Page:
Monday, June 24, 2024

Thoughts on The Chosen

Thoughts on "The Chosen" The Chosen

A dear friend and fellow Christian has been, for some time now, trying to get me to watch the show, "The Chosen." If you're unfamiliar with it, The Chosen is a dramatic series created by Dallas Jenkins depicting the life of Jesus. The show has become very popular and is now in its fourth season. My friend has been a zealous and tenacious evangelist for the show. A conversation rarely passes with him in which The Chosen isn't mentioned or where some interesting scene isn't described. My friend maintains that I will be hooked if I just consent to watch it once. Thus far, I have avoided an entire episode, though I promised to watch one of his choosing before the summer is out.

My friend rightly asks me why I have a problem with the show. That is the strange thing. I can't quite put my finger on what bothers me about it. I haven't watched entire episodes, but I have watched enough clips online to know it isn't for me. My immediate thought is that I don't particularly care for any dramatic depictions of the Bible. Most of them, including Mel Gibson's "The Passion," make me uneasy. And I don't mean that the subject matter makes me uneasy. I mean that the interpolation used to "fill in the gaps of Scripture" and the blatant attempts to manipulate my emotions makes me uncomfortable. After watching a 10-minute talk by Dallas Jenkins on The Chosen app, where he answered some common concerns and myths about the show, I decided to codify my distaste. It boils down to these things: 1) Revivalism, and 2) Gospel Reductionism.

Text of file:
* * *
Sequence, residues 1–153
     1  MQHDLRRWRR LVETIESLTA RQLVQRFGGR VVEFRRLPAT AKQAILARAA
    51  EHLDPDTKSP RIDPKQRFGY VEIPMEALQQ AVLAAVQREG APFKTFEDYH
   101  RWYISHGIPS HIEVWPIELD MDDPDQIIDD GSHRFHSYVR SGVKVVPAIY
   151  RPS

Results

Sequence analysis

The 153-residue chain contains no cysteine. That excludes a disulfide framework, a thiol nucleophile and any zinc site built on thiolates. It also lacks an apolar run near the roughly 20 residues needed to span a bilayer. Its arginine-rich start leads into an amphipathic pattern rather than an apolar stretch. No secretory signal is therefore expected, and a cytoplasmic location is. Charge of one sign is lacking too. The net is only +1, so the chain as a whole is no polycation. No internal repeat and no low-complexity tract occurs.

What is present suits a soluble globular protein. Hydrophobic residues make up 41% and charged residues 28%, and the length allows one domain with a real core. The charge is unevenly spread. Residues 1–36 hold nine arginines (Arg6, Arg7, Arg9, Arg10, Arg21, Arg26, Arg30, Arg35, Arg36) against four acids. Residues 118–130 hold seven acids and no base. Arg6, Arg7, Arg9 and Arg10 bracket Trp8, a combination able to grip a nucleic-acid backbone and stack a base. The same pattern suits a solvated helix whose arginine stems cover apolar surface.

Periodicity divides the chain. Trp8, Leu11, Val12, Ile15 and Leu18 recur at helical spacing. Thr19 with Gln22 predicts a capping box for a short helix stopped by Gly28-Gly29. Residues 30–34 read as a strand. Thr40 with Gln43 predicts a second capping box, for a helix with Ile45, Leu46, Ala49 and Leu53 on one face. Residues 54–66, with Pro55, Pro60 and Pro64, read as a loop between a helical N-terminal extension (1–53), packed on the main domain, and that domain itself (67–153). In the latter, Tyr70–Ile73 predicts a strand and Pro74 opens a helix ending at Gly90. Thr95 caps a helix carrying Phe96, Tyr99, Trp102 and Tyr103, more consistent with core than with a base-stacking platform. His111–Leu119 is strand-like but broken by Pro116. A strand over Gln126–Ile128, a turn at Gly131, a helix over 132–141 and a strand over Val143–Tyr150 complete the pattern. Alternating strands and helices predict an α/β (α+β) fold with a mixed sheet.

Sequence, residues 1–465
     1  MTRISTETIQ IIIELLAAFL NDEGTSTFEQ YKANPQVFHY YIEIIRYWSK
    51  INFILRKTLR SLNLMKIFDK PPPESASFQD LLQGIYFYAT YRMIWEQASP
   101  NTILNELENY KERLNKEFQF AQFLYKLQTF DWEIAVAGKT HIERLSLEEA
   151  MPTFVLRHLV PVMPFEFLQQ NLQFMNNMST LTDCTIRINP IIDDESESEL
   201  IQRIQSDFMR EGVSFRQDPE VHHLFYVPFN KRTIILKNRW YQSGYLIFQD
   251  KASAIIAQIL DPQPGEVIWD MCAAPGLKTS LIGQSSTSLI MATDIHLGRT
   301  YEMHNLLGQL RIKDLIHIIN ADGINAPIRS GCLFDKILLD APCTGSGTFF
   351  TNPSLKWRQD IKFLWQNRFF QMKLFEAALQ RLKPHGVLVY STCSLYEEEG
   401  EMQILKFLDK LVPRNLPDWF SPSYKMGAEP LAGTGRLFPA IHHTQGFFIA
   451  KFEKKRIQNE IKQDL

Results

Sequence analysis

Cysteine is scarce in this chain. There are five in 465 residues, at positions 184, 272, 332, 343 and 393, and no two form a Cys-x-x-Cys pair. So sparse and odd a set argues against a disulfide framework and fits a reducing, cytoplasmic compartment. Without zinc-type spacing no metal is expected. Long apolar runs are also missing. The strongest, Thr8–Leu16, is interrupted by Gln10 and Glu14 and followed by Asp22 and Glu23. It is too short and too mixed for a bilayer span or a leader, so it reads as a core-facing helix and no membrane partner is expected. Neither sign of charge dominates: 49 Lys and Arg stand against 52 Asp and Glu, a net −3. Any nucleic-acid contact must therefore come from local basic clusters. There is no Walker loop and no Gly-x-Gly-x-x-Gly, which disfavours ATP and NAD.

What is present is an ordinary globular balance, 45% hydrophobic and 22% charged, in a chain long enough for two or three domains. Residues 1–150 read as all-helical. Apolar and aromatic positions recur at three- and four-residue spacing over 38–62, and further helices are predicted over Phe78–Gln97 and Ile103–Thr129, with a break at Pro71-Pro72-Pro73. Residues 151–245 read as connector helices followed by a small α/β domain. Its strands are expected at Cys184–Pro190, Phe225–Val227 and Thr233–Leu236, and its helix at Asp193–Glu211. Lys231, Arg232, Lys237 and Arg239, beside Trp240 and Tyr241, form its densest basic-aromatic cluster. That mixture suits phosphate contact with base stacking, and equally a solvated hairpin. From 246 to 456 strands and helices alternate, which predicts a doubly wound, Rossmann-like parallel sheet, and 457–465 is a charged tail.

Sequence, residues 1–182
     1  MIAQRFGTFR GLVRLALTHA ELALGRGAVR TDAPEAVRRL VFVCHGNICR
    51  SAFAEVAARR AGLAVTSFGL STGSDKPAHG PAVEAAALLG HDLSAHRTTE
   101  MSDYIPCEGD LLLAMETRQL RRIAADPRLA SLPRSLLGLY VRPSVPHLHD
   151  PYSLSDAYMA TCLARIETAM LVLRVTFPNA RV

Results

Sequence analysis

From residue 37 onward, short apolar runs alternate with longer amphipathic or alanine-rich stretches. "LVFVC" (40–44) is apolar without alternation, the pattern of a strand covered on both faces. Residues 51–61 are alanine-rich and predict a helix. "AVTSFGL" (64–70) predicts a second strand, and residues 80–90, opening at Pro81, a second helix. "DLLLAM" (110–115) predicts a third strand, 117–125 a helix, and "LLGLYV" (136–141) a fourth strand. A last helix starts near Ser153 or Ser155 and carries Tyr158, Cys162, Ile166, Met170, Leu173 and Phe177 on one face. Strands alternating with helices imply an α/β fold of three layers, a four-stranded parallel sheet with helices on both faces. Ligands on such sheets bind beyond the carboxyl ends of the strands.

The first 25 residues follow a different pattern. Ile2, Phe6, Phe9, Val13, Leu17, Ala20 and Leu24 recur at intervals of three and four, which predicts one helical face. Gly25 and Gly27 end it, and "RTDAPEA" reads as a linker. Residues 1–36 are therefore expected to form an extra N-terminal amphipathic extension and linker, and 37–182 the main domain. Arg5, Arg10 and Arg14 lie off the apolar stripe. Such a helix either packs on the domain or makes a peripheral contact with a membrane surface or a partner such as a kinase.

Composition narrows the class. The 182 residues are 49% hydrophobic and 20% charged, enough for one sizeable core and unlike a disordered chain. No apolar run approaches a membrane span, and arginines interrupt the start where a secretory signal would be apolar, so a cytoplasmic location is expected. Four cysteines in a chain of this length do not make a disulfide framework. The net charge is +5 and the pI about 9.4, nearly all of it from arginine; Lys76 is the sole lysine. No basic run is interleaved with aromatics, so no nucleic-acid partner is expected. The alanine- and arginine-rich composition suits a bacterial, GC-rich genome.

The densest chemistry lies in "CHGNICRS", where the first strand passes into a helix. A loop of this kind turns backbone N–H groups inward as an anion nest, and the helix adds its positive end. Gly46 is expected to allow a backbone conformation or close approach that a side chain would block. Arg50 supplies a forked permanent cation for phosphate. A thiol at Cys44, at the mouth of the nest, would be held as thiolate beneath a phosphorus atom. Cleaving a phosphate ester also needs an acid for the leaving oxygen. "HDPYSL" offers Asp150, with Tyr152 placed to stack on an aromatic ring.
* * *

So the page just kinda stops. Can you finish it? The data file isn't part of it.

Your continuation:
I mean revivalism, in that the show tries to manipulate people's emotions so they come to the place where they will decide to become a Christian. I mean Gospel Reductionism, in that anything that does not fit within the so-called Gospel of "Jesus Loves You" is abandoned.

I know that what I think about this show is not popular. Personally, I don't care if you watch The Chosen or not. These are my reasons for abstaining. Dallas Jenkins' 10-minute video was enough to solidify my position.